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TikTok: What Are the Dangers and What Should Schools Do?


While many pre-teen students and most teen students enjoy using TikTok and the ‘fun’ associated with it, recent investigations and research indicate that it presents a number of dangers that in many cases the students themselves (and parents and carers) are unaware of and, even when aware, can find difficult to address.

In recent years, and particularly during the lock down periods of the pandemic, TikTok use seems to have grown exponentially and the App seems to have taken on a ‘life of its own’, impacting many students’ wellbeing, mental health and learning. In this article we look at many of the issues associated with TikTok and suggest what schools may be able to do to seek to counter some of its negative effects.


What is TikTok and Who is Using It?

TikTok, formerly known as Musical.ly, is a social media platform that has become increasingly popular since its rebranding in 2018. It hosts a myriad of content types, with the top category "Entertainment" receiving 535 billion views.

TikTok is primarily a video sharing service that uses an algorithm to create targeted ‘for you’ pages and it provides a seemingly never-ending stream of content. The minimum age requirements are 13 to have an account and 16 to host a public account (which enables direct messaging between users). However, users don’t have to be logged in to see content and to use the ‘search’ function.

TikTok has already overtaken Facebook and Facebook Messenger as the most downloaded social media app in the world. It is especially popular with children and young adults. According to Social Media Perth, 41 per cent of TikTok users in 2020 were aged between 16 and 24 years old, and the USA-based company Backlinko states that, in 2021, 25 per cent of TikTok users in the U.S were aged between 10 and 19. A study conducted in October 2020 by marketing company, Roy Morgan, found that TikTok was used by 746 000 children born between 2006 and 2020.

The Cyberbullying Research Centre praises TikTok as “a fun and engaging way to stay connected with each other about the things they love". Some of the platform’s positive impacts on young people are that it:

  • is de-stigmatising mental health issues
  • provides communities with a platform to connect
  • is a creative outlet that doesn’t require editing skills
  • is user friendly and an easily accessible platform.

TikTok’s popularity continued to rise during the COVID-19 pandemic, with the platform providing an opportunity for connection and entertainment during lockdowns.


Parent Controls

There are currently two ways to restrict content shown to children on TikTok:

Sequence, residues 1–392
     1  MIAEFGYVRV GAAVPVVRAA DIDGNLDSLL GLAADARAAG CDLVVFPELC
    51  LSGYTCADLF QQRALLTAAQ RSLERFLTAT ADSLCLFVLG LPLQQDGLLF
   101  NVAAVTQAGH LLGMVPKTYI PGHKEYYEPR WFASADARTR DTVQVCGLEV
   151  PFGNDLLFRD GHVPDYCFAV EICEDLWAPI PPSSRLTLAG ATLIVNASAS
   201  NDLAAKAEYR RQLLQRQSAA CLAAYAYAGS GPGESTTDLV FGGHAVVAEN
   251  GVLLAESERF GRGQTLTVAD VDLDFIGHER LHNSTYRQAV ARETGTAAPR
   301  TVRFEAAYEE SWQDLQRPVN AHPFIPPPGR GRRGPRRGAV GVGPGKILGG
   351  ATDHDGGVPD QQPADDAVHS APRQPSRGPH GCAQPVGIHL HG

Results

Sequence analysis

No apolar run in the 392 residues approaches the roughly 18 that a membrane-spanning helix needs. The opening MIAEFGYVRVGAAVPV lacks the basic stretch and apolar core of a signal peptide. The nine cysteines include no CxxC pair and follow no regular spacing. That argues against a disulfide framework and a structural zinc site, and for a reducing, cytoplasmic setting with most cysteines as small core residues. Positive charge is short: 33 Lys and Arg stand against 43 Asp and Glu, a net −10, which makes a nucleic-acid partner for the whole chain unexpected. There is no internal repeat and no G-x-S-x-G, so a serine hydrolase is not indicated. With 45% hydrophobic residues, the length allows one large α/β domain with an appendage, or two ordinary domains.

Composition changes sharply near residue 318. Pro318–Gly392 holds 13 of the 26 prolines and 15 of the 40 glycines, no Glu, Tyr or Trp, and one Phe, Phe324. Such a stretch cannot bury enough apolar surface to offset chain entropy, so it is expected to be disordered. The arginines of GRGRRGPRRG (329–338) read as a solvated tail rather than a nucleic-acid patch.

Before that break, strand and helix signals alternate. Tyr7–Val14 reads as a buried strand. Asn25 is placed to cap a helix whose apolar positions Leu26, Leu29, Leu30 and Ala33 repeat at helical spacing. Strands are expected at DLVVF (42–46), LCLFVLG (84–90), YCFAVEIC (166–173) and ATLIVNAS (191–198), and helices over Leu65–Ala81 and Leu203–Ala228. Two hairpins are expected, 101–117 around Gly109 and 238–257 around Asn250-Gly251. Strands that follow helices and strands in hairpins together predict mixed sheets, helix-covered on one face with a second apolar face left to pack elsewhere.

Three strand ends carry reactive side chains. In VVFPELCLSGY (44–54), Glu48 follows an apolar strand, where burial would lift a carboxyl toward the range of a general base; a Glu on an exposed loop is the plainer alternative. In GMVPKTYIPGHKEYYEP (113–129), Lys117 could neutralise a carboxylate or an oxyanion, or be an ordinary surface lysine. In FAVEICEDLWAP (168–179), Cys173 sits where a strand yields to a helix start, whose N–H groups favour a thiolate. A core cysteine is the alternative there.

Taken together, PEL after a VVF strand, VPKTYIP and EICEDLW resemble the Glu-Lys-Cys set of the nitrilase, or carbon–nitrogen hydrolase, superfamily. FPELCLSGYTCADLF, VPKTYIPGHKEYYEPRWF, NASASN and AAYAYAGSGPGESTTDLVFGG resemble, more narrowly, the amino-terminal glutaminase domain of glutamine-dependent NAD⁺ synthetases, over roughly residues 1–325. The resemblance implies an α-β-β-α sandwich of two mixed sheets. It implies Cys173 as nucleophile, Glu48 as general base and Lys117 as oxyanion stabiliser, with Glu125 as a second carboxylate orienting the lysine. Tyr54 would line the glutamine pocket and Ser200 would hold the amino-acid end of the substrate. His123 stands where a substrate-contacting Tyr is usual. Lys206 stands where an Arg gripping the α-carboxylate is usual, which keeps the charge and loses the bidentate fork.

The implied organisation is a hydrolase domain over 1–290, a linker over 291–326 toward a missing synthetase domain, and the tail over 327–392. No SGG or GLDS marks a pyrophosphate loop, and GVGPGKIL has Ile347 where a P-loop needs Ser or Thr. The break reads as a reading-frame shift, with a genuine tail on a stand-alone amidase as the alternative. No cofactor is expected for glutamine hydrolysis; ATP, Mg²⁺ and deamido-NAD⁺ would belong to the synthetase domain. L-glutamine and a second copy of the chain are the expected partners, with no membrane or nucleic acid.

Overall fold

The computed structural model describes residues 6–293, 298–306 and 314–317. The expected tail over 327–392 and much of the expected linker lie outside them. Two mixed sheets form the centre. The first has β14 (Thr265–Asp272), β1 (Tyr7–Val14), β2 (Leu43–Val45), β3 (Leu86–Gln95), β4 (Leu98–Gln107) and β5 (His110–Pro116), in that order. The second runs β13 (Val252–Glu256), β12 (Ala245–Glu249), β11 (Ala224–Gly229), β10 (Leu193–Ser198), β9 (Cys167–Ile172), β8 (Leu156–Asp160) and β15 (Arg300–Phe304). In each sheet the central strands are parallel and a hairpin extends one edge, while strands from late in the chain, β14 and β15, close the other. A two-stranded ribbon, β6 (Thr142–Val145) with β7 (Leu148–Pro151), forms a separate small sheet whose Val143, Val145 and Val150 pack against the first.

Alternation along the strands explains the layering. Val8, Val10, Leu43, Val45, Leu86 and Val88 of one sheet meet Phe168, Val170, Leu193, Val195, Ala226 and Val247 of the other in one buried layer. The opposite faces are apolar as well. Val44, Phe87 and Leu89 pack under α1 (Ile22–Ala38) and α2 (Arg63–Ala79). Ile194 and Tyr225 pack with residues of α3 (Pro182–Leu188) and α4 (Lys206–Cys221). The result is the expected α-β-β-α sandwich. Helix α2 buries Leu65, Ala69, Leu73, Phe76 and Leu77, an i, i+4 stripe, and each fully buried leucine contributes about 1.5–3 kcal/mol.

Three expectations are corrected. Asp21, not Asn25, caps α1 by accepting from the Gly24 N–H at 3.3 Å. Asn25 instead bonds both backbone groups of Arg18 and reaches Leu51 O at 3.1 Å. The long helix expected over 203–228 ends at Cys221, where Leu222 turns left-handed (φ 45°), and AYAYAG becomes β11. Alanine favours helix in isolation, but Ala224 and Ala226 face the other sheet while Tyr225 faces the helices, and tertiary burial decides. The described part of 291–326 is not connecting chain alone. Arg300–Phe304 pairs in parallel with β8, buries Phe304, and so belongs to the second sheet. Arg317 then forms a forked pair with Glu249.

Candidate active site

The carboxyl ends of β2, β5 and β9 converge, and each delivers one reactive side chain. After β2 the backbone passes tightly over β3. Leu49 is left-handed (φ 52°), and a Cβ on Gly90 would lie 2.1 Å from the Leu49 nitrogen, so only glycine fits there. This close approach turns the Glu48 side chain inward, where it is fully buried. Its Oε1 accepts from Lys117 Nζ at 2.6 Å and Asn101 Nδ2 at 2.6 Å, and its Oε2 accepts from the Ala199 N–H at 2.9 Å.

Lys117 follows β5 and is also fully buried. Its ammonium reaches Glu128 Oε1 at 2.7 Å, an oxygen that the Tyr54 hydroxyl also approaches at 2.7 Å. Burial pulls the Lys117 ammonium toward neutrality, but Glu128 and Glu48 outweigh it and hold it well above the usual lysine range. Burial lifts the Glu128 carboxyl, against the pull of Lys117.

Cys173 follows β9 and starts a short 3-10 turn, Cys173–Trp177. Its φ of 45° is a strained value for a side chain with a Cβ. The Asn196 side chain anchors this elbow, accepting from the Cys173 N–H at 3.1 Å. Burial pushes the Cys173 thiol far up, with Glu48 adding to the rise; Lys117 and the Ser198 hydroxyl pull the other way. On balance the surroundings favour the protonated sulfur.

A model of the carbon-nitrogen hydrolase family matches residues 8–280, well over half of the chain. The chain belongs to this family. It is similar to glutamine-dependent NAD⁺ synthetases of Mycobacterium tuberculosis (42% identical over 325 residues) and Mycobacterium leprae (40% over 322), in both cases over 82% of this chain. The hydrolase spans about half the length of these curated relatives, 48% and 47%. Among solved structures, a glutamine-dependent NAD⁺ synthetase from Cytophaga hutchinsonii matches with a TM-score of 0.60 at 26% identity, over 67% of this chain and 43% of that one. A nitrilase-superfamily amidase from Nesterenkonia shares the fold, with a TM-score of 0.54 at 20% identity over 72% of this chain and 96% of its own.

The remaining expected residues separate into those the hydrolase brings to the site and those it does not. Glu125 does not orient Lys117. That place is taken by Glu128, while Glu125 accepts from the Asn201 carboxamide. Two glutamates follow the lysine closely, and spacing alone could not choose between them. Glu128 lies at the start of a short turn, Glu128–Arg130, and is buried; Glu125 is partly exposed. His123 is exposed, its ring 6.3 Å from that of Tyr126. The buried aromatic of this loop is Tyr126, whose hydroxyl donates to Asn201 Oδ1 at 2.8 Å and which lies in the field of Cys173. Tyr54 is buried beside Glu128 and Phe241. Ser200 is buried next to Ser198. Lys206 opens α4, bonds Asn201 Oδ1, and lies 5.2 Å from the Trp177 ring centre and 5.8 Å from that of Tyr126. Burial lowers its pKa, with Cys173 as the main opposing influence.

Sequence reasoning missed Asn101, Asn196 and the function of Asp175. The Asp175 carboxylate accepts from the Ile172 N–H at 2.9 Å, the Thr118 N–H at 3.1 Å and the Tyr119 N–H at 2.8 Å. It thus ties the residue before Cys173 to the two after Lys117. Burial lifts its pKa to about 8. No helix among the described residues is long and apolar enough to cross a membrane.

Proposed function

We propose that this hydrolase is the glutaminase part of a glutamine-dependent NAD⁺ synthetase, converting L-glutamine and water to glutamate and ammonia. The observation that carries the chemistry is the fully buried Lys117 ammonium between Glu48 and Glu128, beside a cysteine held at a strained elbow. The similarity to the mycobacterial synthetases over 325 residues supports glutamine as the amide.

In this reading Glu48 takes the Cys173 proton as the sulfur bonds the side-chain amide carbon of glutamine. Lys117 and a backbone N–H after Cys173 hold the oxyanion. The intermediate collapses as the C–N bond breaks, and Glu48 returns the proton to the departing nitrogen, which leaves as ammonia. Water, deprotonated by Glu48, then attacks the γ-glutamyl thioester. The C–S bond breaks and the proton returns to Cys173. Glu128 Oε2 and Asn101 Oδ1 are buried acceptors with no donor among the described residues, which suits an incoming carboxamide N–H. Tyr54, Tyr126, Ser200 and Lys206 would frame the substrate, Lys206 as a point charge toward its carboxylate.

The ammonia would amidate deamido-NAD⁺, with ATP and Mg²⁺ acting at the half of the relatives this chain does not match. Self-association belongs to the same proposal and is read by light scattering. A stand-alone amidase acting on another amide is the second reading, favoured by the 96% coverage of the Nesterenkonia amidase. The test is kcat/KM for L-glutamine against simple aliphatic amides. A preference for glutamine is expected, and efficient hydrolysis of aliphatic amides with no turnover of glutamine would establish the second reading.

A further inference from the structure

• the “Family Pairing” setting
  • the “Digital Wellbeing” setting.

“Family Pairing” allows a parent to attach their child’s account to their own, see the direct messages that their child receives and set usage time limits. “Digital Wellbeing” allows a user to set their own limits on usage on their account.

However, these controls have not prevented dangerous trends and behaviours, predatory actions and privacy issues arising as a result of children and their parents being unaware of the consequences of using social media. It is not difficult to imagine that a tech savvy child could avoid these controls by starting up a different account to the one that is linked to/has limits set by their parents. Other children may not have any parent controls on their use of TikTok.


Privacy and Child Protection Issues

Using any social media platform can compromise a person’s privacy. If you scroll through TikTok, you won’t have to look far to find Australian school students posting dances, parodies and pranks, providing the perfect opportunity for revealing personal and private details and for unsavoury behaviour. The reasons that these posts can be dangerous for students and their schools include but are not limited to:

  • giving online trolls/paedophiles access to the child via the direct messaging function and/or to their location and other identifying details (such as their school)
  • revealing the whereabouts of a domestic violence victim’s location
  • exposing students to predatory commercial approaches and fraudulent scams from parties located overseas.

In addition, the extent to which TikTok stores and shares user data is described by Business Insider as “extraordinary”. TikTok’s own Privacy Statement own Privacy Statement says:

“We share your data with our third-party service providers we rely on to help provide you with the Platform. These providers include cloud storage providers and other IT service providers. We also share your information with our business partners, advertisers, analytics and search engine providers…” . TikTok can also analyse data stored on a device’s clipboard and its browser search history. A Privacy Australia article also outlines additional security concerns in relation to TokTok’s data harvesting and its links to China.